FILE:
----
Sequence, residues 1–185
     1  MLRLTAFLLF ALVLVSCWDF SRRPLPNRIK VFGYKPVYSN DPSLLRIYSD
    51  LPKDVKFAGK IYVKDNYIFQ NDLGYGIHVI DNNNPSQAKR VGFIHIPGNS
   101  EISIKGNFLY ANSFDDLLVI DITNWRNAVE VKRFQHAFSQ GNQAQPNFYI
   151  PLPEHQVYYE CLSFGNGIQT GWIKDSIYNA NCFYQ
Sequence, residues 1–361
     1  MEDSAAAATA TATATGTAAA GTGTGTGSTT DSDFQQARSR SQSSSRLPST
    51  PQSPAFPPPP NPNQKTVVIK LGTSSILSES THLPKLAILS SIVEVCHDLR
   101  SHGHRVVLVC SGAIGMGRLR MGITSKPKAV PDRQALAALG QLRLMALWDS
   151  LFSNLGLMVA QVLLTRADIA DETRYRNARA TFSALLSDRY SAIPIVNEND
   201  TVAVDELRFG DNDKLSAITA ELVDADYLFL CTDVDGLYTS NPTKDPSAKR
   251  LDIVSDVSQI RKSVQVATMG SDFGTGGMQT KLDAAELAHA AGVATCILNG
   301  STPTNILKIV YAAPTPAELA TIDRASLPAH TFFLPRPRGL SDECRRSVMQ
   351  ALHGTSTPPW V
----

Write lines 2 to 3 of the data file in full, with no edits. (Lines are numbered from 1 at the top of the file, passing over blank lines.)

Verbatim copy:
     1  MLRLTAFLLF ALVLVSCWDF SRRPLPNRIK VFGYKPVYSN DPSLLRIYSD
    51  LPKDVKFAGK IYVKDNYIFQ NDLGYGIHVI DNNNPSQAKR VGFIHIPGNS